The first book to bring together the key writings and speeches of civil rights activist Sadie Tanner Mossell Alexanderthe first Black American economist
In 1921, Sadie Tanner Mossell Alexander became the first Black American to gain a Ph.D. degree in economics. Unable to find employment as an economist because of discrimination, Alexander became a lawyer so that she could press for equal rights for African Americans. Although her historical significance has been relatively ignored, Alexander was a pioneering civil rights activist who used both the law and economic analysis to challenge racial inequities and deprivations.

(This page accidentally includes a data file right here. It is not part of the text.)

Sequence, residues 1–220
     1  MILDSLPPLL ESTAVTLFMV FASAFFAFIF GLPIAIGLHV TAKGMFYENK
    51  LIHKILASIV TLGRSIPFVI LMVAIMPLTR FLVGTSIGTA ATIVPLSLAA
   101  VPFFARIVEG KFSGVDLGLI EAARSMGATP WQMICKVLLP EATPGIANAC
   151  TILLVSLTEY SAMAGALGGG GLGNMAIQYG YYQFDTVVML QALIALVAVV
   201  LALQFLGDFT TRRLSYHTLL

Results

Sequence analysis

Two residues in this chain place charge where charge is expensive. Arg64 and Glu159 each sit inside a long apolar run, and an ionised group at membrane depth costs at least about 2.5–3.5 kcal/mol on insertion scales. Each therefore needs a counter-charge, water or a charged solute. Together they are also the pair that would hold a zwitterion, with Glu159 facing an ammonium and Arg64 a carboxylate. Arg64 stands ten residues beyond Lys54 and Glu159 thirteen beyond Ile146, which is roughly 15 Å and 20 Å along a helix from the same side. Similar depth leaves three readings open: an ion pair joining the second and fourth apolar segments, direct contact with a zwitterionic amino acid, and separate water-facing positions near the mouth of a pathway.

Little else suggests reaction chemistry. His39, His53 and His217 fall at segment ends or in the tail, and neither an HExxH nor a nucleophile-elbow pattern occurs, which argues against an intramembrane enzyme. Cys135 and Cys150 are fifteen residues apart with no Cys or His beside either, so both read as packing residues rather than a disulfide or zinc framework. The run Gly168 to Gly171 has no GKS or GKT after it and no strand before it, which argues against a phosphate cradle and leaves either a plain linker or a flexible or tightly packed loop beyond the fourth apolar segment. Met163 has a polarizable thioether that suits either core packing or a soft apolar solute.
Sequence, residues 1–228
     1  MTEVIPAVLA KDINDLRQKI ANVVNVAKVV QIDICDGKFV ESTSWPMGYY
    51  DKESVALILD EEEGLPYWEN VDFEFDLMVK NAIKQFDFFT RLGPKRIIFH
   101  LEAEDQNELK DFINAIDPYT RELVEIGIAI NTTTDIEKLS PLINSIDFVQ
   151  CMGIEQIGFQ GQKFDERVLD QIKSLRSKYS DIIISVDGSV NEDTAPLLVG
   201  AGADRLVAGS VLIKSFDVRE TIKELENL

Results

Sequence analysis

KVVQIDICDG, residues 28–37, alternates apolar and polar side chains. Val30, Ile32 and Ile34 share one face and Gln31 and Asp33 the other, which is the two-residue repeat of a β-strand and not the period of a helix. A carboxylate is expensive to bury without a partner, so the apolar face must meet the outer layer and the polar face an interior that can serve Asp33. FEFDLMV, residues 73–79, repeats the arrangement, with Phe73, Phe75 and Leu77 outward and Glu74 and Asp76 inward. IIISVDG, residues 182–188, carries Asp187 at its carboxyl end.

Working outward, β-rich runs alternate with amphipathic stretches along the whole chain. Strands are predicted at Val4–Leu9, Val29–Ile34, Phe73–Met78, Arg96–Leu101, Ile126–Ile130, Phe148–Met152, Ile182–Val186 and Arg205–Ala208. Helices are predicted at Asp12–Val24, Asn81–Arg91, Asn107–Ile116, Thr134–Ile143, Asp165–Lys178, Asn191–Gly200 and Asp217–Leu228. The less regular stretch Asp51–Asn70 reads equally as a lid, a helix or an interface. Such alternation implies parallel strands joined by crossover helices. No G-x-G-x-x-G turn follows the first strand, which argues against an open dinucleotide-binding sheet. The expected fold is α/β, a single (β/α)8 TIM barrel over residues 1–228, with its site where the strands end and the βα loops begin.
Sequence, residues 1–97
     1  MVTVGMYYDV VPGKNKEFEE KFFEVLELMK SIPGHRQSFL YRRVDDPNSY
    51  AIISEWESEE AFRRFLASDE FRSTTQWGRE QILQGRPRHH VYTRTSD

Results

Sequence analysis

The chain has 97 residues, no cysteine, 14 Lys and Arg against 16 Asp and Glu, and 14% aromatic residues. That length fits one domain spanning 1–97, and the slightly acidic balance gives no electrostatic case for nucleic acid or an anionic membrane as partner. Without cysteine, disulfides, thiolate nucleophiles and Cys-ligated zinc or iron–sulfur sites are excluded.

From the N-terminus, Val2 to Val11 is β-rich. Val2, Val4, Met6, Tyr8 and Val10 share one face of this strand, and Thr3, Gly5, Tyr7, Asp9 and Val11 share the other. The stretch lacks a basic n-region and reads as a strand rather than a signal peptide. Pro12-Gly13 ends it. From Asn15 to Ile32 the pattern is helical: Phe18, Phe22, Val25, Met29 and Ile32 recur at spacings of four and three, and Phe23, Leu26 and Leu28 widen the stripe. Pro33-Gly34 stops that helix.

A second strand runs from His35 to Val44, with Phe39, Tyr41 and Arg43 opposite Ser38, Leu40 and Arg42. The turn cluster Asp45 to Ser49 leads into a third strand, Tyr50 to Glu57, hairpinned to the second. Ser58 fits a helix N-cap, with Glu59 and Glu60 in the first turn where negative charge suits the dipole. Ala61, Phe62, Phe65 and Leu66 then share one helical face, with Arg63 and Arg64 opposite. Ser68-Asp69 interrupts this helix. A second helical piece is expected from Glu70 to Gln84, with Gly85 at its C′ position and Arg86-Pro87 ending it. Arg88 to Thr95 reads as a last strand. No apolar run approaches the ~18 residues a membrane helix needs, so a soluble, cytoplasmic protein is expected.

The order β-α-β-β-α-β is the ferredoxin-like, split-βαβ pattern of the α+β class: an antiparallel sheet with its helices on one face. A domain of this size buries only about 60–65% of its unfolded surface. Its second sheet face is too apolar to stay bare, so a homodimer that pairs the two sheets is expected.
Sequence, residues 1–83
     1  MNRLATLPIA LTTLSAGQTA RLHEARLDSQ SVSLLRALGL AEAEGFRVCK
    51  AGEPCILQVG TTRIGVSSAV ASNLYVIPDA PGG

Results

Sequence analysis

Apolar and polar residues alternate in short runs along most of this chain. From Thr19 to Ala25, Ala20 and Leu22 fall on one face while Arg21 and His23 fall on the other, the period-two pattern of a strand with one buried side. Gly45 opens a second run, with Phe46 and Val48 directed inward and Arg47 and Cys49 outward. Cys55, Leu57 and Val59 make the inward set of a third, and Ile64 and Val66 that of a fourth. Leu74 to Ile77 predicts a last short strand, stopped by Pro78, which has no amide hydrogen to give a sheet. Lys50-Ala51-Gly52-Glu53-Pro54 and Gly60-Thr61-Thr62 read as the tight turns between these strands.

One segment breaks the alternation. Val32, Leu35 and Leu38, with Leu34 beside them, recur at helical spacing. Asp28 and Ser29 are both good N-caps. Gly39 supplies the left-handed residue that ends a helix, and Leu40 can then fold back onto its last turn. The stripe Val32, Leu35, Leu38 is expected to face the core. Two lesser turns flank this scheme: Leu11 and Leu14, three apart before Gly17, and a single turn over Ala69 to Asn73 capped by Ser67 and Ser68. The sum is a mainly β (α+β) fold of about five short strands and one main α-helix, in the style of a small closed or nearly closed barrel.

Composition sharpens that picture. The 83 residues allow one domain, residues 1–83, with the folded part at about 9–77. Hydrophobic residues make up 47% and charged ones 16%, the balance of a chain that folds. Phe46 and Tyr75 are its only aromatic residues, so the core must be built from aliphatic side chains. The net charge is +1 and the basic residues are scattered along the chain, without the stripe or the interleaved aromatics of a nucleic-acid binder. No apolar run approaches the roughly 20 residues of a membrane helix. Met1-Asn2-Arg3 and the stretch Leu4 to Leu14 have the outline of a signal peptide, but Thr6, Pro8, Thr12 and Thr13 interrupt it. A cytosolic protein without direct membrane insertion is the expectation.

This volumea recovery of Sadie Alexander's economic thoughtprovides a comprehensive account of her thought-provoking speeches and writings on the relationship between democracy, race, and justice. Nina Banks's introductions bring fresh insight into the events and ideologies that underpinned Alexander's outlook and activism. A brilliant intellectual, Alexander called for bold, redistributive policies that would ensure racial justice for Black Americans while also providing a foundation to safeguard democracy.